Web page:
See here for some background. I’m less interested in the particulars, which includes something similar to the MLB games-in-a-bubble idea, than I am with the basic concept that no one has any idea when things will return to something sufficiently resembling “normal”. Right now, we’ve got the Governor talking about “reopening the economy”, and we’ve got whackjobs filing lawsuits and engaging in socially-undistanced protests over stay-at-home orders, all of whom want to more or less pretend that things are fine and we can all go back to going about our business. We also have these multi-billion-dollar enterprises, like the NCAA and major sports leagues, who would also very much like to get back to their own business of making money but have to take into account the very real risk to the health of their players, their employees, their fans, and so on. These leagues will act in their own self-interest, but that self-interest is balanced against other forces, which includes the players’ and officials’ unions, and the local governments where their teams are. The fact that a entity like the NBA, which is seeing the calendar run out on its current season, cannot say when it might be able to play its games again tells me more about our ability to “reopen the economy” than any crony-laden gubernatorial task force ever could.

The NBA tries to look forward

Hope + uncertainty = where we are right now.

While expressing a hope that bordered on determination that the NBA would be able to salvage its season in some form, commissioner Adam Silver also said the unknowns in the COVID-19 crisis are greater than even three-plus weeks ago when he suspended the season and that no decisions will be coming soon.

“Essentially, what I’ve told my folks over the last week is that we should just accept that for at least the month of April we won’t be in a position to make any decisions,” Silver said in a Twitter interview with TNT’s Ernie Johnson on Monday. “I don’t think that necessarily means on May 1 we will be.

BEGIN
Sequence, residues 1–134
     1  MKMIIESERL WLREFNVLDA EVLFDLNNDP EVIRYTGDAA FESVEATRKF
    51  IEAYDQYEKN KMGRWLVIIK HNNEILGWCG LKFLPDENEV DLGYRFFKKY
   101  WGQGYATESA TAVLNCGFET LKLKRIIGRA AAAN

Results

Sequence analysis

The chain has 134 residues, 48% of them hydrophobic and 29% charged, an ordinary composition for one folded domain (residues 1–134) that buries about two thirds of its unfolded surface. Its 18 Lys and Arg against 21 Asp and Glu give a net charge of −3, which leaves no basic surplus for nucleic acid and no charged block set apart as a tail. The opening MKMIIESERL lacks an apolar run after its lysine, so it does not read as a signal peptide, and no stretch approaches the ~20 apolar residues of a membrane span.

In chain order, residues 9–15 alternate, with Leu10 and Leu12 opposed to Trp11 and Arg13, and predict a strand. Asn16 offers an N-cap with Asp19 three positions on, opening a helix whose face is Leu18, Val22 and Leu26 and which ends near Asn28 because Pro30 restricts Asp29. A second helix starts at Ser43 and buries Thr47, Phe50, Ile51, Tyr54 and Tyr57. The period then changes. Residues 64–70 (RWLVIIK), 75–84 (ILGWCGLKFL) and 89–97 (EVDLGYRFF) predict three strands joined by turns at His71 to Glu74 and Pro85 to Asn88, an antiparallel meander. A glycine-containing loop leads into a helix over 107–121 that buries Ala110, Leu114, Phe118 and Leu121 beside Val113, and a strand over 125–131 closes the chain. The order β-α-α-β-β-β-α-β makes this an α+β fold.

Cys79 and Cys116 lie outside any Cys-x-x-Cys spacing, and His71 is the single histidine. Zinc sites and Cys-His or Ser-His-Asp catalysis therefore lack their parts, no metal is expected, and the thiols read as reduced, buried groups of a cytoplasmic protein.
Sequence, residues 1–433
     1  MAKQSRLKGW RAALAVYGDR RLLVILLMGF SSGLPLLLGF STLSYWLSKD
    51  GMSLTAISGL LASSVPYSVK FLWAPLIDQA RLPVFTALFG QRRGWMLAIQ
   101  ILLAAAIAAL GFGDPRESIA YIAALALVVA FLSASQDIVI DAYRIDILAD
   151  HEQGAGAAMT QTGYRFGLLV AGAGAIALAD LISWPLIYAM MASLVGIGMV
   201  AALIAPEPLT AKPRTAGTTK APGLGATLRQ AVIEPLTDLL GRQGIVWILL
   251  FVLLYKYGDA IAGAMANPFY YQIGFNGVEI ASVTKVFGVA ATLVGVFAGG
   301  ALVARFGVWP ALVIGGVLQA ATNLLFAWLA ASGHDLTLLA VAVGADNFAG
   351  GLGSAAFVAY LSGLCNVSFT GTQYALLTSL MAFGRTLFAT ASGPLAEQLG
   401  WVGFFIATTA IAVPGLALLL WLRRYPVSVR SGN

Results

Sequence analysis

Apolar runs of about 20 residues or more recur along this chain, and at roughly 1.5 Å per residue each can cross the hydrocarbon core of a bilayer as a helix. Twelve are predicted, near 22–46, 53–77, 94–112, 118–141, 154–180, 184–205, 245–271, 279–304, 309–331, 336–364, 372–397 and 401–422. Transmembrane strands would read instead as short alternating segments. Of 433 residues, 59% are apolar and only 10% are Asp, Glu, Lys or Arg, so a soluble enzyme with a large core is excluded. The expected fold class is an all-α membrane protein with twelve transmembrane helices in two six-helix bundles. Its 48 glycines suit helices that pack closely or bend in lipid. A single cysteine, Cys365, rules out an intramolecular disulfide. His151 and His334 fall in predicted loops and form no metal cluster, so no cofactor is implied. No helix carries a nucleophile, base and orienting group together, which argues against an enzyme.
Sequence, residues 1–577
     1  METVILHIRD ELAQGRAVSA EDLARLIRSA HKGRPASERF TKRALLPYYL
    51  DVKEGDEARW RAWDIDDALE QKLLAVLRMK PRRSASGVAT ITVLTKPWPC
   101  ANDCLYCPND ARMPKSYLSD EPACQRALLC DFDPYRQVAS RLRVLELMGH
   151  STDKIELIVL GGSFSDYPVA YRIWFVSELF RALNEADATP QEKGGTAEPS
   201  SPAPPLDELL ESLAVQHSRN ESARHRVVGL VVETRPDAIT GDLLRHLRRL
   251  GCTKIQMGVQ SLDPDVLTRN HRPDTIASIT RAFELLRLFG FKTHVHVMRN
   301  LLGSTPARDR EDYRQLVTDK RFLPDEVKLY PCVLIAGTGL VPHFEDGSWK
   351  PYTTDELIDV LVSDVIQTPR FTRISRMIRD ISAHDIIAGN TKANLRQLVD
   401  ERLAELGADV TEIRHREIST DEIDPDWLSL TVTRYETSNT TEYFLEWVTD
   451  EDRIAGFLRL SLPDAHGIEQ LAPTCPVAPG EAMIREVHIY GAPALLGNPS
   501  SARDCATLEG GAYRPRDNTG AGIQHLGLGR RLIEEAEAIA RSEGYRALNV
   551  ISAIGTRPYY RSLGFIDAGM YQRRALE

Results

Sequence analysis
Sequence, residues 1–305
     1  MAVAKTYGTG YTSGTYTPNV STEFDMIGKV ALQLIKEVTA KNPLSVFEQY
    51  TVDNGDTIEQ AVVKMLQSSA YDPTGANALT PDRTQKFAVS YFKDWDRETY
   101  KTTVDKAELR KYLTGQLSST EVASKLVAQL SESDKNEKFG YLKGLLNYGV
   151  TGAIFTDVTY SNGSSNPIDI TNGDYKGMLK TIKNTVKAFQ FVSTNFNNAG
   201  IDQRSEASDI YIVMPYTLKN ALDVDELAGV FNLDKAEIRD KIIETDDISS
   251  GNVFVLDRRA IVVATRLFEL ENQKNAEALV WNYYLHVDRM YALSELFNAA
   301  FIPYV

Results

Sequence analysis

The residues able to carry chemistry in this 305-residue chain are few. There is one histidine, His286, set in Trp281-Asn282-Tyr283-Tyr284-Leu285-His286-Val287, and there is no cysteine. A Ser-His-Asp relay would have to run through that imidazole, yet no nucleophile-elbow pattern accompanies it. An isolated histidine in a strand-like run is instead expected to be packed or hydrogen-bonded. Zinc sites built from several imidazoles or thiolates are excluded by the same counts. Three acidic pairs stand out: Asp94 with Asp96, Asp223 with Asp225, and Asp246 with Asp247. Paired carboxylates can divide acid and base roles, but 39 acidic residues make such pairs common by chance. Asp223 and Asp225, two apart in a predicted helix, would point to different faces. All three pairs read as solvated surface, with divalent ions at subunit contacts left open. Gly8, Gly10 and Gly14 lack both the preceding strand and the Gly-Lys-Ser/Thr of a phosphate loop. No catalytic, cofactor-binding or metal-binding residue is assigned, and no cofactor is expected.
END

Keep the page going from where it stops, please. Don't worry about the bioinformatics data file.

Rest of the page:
“That doesn’t mean internally and in our discussions with our players and the league we aren’t looking at many different scenarios for restarting the season. But I think it is just honestly too early, given what is happening right now, to be able to project or predict where we’ll be in a few weeks.”

Silver said he hopes “to try to finish a regular season in some form and then move on to the playoffs” but that the league has not made any decisions.

He said the NBA initially was considering options for regular and postseason schedules based on potential restart days but has learned that even hypotheticals were relying on excessive guesswork.

“We just have too little information to make those sorts of projections,” Silver said. “I will say, though, as we look out into the summer, there does come a point we would start impacting next season. Even there, a few weeks ago nobody thought we were talking about a potential impact on next season independent on what we might choose to do to finish our regular season and playoffs.

“I don’t want to leave anybody under the impression we’re not trying to do everything we possibly can under the right circumstances. Player safety and the health of everyone in the NBA family has to come first. That may mean there is a scenario we can play without fans. That’s something we look a lot at.”

As we know, MLB is also thinking about when it can begin again. Both of these followed a meeting of multiple sports commissioners with Donald Trump, who would really really like it if this coronavirus thing went away ASAP. Again, I’m happy that the leagues are thinking about how this might work for them, but I think May is an aggressively early timeframe for it. The NBA is in some ways more constrained than MLB precisely because they have to start worrying about their next season, which would start in September. If they’re not able to begin playoffs soon, who knows where they’ll be in the fall. It’s just that none of this is really within their control.

Further delay for Opening Day

Mid-May at the most optimistic, and that’s very likely too soon.

Major League Baseball pushed back opening day until mid-May at the earliest on Monday because of the new coronavirus after the federal government recommended restricting events of more than 50 people for the next eight weeks.

Baseball Commissioner Rob Manfred made the announcement following a conference call with executives of the 30 teams.

“The clubs remain committed to playing as many games as possible when the season begins,” the commissioner’s office said in a statement.

The Centers for Disease Control and Prevention recommended Sunday that gatherings of 50 people or more be canceled or postponed across the country for the next eight weeks.

“The opening of the 2020 regular season will be pushed back in accordance with that guidance,” Manfred said.

No telling at this point when games will start. The All-Star Game at Dodger Stadium in Los Angeles on July 14 could be in jeopardy.

“We’re not going to announce an alternate opening day at this point. We’re going to have to see how things develop,” Manfred told the St. Louis Post-Dispatch at Cardinals camp in Jupiter, Florida. He didn’t want to speculate about the possibility of playing in empty stadiums, saying part of that decision would depend on timing.